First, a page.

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You are correct about it being an individual weapon, which rather sets it apart from the practice in other armies with regards to the squad automatic weapon. I believe that even in other armies that used the BAR or a variation thereof, it was treated as a crew served weapon. Most other armies definitely treated their squad automatic that way. In the French army of 1940, the No. 2 man on the light machine gun was armed only with a .32 automatic. On the other hand, it may be that the BAR had a lower basic load of ammunition than other similiar weapons and the BAR gunner had to carry it all himself. The British practice was to distribute magazines among the other members of the rifle section to give something like at least 500 rounds for the Bren but there was still a No. 2 Bren gunner. However, the basic load for a rifleman was only 50 rounds of rifle ammo, or one bandolier. That would have been supplemented by one or two more bandolier's worth of ammo before going into action, however. That did not change until quite recently, either. According to the British manual for the SLR published in the 1960s (I don't have my copy in front of me), a rifleman only had three magazines.
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Old April 27, 2012, 01:09 PM   #19
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Quote:
According to the British manual for the SLR published in the 1960s (I don't have my copy in front of me), a rifleman only had three magazines
It is surprising (to me anyways) how little ammo troops sometimes carried. "In Helmet for My Pillow" Robert Leckie talks about going on a Guadalcanal patrol with a M1928 Thompson, a "top Cocker" with one magazine in the gun and one spare in his shirt pocket. I don't know if that was on purpose (if so Why? save weight maybe?) or because of ammo shortages. On that patrol as rear security Leckie ambushed a Japanese patrol using their same trail and killed 2-4 of them with a sustained burst from his Thompson.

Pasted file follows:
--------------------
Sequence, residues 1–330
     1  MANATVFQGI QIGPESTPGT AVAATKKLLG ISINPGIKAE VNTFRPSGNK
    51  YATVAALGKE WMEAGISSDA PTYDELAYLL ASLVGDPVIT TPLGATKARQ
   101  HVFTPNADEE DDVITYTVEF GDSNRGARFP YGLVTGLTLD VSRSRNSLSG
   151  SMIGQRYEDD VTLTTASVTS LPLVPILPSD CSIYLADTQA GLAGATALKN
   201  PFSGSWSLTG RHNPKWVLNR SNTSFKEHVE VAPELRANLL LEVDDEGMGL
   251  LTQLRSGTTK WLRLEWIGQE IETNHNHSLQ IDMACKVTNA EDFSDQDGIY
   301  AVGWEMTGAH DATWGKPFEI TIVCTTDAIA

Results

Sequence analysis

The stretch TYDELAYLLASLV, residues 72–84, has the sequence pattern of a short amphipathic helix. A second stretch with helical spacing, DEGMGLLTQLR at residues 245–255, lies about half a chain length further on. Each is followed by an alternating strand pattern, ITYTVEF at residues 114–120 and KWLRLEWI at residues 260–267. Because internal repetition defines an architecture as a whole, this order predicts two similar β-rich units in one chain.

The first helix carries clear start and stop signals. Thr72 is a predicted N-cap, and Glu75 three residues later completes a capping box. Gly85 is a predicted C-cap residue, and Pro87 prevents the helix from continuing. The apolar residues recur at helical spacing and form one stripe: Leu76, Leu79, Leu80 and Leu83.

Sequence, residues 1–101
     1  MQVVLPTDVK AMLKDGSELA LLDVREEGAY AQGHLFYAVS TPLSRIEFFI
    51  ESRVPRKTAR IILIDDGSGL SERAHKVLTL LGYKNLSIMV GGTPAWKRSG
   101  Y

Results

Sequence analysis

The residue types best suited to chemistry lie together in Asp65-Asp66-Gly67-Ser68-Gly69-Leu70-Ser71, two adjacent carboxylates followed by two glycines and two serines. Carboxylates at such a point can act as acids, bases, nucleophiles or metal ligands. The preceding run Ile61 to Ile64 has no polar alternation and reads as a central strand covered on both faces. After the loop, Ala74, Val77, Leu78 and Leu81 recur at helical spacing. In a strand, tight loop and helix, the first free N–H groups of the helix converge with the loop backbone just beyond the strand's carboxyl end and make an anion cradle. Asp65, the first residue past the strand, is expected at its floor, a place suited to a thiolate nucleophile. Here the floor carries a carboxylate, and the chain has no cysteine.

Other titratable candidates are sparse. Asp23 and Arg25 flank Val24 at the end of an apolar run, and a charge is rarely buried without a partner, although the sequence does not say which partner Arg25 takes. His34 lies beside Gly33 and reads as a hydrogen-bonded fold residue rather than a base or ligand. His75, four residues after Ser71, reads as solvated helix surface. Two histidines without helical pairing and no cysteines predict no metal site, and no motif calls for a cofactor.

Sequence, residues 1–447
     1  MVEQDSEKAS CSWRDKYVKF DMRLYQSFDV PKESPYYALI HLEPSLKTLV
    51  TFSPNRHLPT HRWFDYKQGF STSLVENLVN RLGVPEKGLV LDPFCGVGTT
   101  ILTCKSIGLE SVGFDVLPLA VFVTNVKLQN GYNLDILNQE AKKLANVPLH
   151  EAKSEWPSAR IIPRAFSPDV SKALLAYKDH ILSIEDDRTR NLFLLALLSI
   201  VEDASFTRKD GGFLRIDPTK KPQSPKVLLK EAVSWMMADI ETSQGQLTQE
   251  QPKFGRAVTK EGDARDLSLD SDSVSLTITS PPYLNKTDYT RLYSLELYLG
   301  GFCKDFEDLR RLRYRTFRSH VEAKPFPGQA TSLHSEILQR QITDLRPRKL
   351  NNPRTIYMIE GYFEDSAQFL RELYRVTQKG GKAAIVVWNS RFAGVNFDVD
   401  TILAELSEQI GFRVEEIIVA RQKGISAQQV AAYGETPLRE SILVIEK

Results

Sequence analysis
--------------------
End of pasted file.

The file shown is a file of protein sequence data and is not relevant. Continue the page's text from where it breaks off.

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Old April 27, 2012, 02:38 PM   #20
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In photos from WWII, it usually looks like nearly all troops of all combatants are equipped rather lightly. But there was by then good logistic backup most of the time, with some notable exceptions. Mountain troops tended to carry the most and have the most problems with resupply. US troops in Italy sometimes had to use animal transport as did German troops fighting in the Caucauses (where I assume they were fighting Caucasians).

Manuals not withstanding, troops going into the assault would have carried additional ammunition and grenades, undoubtedly.
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Old April 27, 2012, 03:44 PM   #21
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Ignore old post. I read the OP last night, came on today, and STILL "posted without reading"

--IMO:

I think full auto or a burst has a place in combat. I would imagine it would help you hit a moving target, or one thats popping back and forth. Three dice in the game instead of one.

This is kind of how i feel about things like 5.56 and 5.7, they are multiple hit scenarios, and their effectiveness is based on landing 2-3, or in the case of the 5.7, 10-15 hits.